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Eric Schmidt compares U.S., British domain name blocking efforts to Chinese censorship


He may have a point. In a speech Wednesday, Google’s Executive Chairman Eric Schmidt clearly said that efforts by the United States and Britain to block Internet access to file-sharing websites would endanger freedom of speech and be a “disastrous” step toward the censored Internet in China, reports the Guardian. The comments came during the keynote at Google’s Big Tent conference in London.

Late last year, the U.S. government began seizing dot com domains from sites accused of harboring pirated media. Most of these were file-sharing sites like The Pirate Bay. However, there are proposed laws that may make it illegal to use DNS (domain name systems, which give websites .com names, etc.) to “encourage” file sharing. Britain has similar laws that may go into effect. Schmidt made a point to say that Google opposes these efforts completely.

“If there is a law that requires DNSs to do X and it’s passed by both houses of congress and signed by the president of the United States and we disagree with it then we would still fight it,” said Schmidt. “If it’s a request the answer is we wouldn’t do it, if it’s a discussion we wouldn’t do it.”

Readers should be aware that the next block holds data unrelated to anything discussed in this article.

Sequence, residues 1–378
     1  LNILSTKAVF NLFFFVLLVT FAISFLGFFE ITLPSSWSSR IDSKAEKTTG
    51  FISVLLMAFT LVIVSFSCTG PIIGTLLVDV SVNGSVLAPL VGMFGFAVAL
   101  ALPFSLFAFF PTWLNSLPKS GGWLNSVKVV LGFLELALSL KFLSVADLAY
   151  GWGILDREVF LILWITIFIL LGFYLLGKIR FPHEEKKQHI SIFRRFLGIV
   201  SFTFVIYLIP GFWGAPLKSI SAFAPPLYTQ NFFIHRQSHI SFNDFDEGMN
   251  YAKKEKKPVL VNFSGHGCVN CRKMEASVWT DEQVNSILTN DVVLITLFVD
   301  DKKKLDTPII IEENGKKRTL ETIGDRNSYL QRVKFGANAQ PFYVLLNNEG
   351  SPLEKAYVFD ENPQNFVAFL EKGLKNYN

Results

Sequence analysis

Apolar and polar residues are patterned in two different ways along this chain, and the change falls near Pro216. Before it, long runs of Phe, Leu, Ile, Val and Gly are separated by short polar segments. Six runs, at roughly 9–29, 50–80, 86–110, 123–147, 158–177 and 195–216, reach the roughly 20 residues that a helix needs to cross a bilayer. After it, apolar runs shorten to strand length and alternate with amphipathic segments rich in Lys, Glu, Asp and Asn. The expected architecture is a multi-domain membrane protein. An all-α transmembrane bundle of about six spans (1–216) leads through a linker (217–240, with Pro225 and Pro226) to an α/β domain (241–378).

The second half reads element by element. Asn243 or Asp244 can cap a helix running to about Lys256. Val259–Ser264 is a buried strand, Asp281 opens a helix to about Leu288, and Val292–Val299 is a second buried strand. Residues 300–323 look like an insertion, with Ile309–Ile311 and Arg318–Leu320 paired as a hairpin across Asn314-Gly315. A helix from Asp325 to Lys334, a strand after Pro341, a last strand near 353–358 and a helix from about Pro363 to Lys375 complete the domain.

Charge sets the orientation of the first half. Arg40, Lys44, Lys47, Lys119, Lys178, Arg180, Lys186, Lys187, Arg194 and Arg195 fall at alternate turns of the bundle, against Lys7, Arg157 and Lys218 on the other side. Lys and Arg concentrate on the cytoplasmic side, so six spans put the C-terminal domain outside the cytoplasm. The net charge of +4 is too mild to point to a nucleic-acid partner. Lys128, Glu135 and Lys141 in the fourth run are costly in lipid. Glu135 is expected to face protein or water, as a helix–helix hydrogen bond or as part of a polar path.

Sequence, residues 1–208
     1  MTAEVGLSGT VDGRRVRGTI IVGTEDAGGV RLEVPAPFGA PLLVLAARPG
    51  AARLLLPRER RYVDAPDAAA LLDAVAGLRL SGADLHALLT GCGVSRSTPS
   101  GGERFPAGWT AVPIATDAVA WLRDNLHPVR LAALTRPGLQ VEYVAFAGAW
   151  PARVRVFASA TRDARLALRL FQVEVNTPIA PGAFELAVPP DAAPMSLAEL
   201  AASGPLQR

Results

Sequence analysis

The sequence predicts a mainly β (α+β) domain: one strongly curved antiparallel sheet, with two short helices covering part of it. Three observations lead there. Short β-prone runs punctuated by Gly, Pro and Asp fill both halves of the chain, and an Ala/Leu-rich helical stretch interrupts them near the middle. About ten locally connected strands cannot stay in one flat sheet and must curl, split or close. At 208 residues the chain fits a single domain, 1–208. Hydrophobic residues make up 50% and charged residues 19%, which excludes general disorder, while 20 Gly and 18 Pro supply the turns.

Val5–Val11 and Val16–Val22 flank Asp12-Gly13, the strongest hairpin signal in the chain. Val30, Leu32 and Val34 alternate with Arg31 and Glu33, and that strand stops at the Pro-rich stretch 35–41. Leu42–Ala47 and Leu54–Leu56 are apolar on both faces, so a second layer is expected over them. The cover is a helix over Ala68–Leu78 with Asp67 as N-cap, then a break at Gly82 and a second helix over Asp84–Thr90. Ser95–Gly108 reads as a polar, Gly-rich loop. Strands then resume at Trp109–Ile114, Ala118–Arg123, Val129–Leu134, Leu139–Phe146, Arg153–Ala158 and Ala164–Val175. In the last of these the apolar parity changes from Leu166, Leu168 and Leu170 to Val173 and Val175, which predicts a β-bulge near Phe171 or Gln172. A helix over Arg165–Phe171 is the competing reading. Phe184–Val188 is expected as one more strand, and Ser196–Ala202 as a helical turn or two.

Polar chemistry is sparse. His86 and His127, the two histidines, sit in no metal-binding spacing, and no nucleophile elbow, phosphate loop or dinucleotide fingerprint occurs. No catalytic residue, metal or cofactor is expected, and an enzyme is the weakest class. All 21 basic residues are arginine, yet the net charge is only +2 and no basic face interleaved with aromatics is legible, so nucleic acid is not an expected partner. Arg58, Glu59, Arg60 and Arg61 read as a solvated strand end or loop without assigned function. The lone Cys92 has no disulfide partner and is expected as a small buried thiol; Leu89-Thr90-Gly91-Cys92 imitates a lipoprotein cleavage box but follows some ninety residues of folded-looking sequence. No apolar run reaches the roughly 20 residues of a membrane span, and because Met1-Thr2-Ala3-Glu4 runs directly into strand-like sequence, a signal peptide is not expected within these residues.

Taking it a step further, the former Google CEO directly referenced the Chinese government, which polices all of its media very tightly and does not allow opinions that dissent from the views of the government.

“I would be very, very careful if I were a government about arbitrarily [implementing] simple solutions to complex problems,” he said. “So, ‘let’s whack off the DNS’. Okay, that seems like an appealing solution but it sets a very bad precedent because now another country will say ‘I don’t like free speech so I’ll whack off all those DNSs’ – that country would be China. It doesn’t seem right. I would be very, very careful about that stuff. If [the UK government] do it the wrong way it could have disastrous precedent setting in other areas.”

Google has had run-ins with China before. Last year, the company threatened to pull out of China completely after the Chinese government hacked into its servers and began trying to force Google to censor its search results.

While Schmidt is often criticized for saying “odd” things and having an offbeat sense of humor, his words here are fairly direct and honest. If we begin censoring the Internet, who is to say where it will end? Prosecuting criminals is one thing, but tampering with the freedom of the net is another.

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